An individual who displays memory loss, confusion, poor judgment, repetition, and challenges with carrying out day-to-day activities has the distinguishing signs and symptoms of Alzheimer’s disease, right? The truth is, what seems like a clear-cut case of Alzheimer’s may really be a newly recognized dementia.
Referred to as LATE, or limbic-predominant age-related TDP-43 encephalopathy, this condition demonstrates nearly identical symptoms, but the root cause is another story. As opposed to the buildup of amyloid plaques and tangles inherent with Alzheimer’s, LATE is recognized by deposits of TDP-43 protein, as reported by Dr. Julie Schneider, associate director of the Rush Alzheimer’s Disease Center.
And TDP-43 protein problems are, in fact, quite typical in older persons, with as many as one in four people over age 85 impacted enough to cause detectable cognitive and/or memory issues. Nonetheless it remains an under-diagnosed condition, which could result in misdiagnoses, and consequently, inappropriate treatment methods.
The most up-to-date guidelines call for those who have been diagnosed with LATE dementia to be removed from Alzheimer’s medication research, concentrating research alternatively on developing biomarkers to better diagnose LATE, to identify therapeutic intervention methods, and to expand testing to include a broader variety of diverse populations, in order to improve both prevention and treatment.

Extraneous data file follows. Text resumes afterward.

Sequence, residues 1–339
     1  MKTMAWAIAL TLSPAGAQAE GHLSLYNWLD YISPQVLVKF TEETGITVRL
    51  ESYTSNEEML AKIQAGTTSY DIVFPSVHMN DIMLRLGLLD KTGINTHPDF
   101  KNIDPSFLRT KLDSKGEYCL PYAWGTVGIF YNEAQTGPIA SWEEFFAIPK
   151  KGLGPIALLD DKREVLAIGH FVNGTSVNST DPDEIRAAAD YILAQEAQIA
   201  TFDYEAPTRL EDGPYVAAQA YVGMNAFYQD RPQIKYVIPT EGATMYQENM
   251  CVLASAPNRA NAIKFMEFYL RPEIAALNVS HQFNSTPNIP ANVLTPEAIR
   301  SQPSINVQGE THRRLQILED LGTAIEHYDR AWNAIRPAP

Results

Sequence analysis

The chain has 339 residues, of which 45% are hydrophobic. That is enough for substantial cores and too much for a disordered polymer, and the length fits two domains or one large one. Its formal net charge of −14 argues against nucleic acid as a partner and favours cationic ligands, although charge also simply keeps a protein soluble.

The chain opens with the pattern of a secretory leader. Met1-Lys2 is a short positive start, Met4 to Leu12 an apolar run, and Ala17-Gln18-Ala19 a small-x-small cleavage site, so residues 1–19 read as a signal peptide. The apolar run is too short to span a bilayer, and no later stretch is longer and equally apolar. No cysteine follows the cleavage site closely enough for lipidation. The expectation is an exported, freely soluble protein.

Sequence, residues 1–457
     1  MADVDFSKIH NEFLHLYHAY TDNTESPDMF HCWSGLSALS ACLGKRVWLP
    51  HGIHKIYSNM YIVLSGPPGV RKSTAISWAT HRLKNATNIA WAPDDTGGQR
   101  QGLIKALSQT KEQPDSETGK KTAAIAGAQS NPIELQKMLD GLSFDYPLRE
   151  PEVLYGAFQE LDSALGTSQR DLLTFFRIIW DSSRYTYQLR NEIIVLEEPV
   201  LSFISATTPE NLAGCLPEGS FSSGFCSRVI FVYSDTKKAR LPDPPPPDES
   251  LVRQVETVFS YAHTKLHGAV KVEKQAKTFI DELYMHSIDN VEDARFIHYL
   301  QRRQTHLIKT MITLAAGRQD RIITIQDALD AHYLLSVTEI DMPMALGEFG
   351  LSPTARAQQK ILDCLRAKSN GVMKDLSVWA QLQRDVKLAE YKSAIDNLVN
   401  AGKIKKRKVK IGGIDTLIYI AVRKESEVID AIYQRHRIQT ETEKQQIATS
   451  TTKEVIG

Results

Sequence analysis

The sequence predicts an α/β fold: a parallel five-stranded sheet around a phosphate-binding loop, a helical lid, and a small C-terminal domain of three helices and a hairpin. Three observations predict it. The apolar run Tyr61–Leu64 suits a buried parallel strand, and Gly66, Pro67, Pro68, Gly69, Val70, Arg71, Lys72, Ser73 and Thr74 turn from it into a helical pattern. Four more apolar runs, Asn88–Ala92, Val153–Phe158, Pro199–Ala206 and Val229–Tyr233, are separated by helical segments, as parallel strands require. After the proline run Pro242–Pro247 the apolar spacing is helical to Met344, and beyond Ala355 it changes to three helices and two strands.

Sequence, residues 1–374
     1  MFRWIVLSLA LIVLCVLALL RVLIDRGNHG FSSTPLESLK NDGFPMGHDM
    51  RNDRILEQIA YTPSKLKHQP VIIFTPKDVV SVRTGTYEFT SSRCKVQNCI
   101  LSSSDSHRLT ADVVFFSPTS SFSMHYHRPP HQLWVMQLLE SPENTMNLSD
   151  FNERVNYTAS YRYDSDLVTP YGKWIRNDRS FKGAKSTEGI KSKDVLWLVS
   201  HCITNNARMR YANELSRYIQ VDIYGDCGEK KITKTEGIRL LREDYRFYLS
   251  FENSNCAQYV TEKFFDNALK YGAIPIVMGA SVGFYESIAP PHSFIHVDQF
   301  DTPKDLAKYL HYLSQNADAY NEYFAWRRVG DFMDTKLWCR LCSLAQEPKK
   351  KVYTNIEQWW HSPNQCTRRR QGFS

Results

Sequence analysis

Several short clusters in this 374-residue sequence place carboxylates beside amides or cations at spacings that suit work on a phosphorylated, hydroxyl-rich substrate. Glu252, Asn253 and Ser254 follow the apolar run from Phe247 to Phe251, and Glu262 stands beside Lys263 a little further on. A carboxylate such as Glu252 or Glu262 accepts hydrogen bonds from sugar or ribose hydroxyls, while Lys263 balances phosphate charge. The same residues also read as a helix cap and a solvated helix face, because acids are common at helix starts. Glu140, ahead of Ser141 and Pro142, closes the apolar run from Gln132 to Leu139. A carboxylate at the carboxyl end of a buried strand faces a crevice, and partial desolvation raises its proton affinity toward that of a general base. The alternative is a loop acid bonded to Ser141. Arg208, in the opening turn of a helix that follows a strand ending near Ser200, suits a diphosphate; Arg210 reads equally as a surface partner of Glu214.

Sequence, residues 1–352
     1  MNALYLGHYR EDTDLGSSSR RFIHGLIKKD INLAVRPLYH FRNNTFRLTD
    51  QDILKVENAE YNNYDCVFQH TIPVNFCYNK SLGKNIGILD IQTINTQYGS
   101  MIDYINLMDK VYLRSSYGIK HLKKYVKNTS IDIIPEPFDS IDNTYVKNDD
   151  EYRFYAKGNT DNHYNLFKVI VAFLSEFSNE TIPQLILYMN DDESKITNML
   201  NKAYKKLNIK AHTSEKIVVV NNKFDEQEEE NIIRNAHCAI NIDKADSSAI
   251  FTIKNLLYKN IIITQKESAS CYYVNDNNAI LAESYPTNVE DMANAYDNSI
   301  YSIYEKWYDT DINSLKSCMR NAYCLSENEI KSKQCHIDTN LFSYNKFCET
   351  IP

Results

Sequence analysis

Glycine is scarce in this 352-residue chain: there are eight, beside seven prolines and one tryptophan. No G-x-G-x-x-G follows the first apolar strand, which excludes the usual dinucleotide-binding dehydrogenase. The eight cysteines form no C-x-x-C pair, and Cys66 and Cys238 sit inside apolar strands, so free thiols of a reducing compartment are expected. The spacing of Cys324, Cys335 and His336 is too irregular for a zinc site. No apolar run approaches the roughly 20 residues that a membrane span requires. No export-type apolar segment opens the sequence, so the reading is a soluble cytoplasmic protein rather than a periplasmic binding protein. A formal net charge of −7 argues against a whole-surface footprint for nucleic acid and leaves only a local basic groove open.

Understanding the differences between both forms of dementia is vital to receive accurate treatment, and according to Dr. James Pickett, head of research at the Alzheimer’s Society, “This evidence may also go some way to help us understand why some recent clinical trials testing for Alzheimer’s disease have failed – participants may have had slightly different brain diseases.”
Key aspects of LATE include:
- Predominantly affecting seniors over age 80
- A much slower progression than Alzheimer’s
- In general only affects memory
- Could be combined with Alzheimer’s disease, which leads to a far more rapid decline
Whether Alzheimer’s disease, LATE, or another form of dementia, CareWorks Health Services, the premier provider of in-home supportive services in Orange County, provides the fully customized, skilled and creative home care that can help older adults living with dementia experience the best possible quality of life where it is most comfortable: at home. Our caregivers are thoroughly trained and experienced in helping individuals diagnosed with dementia, along with helping family caregivers, to more effectively manage the various difficulties experienced in each stage.
Contact us online or call us now at (949) 859-4700 to request more dementia care resources, find answers to the questions you have, or even schedule an in-home assessment to learn more about how we can assist someone you love with dementia with our expert home health services in Huntington Beach, CA and surrounding areas.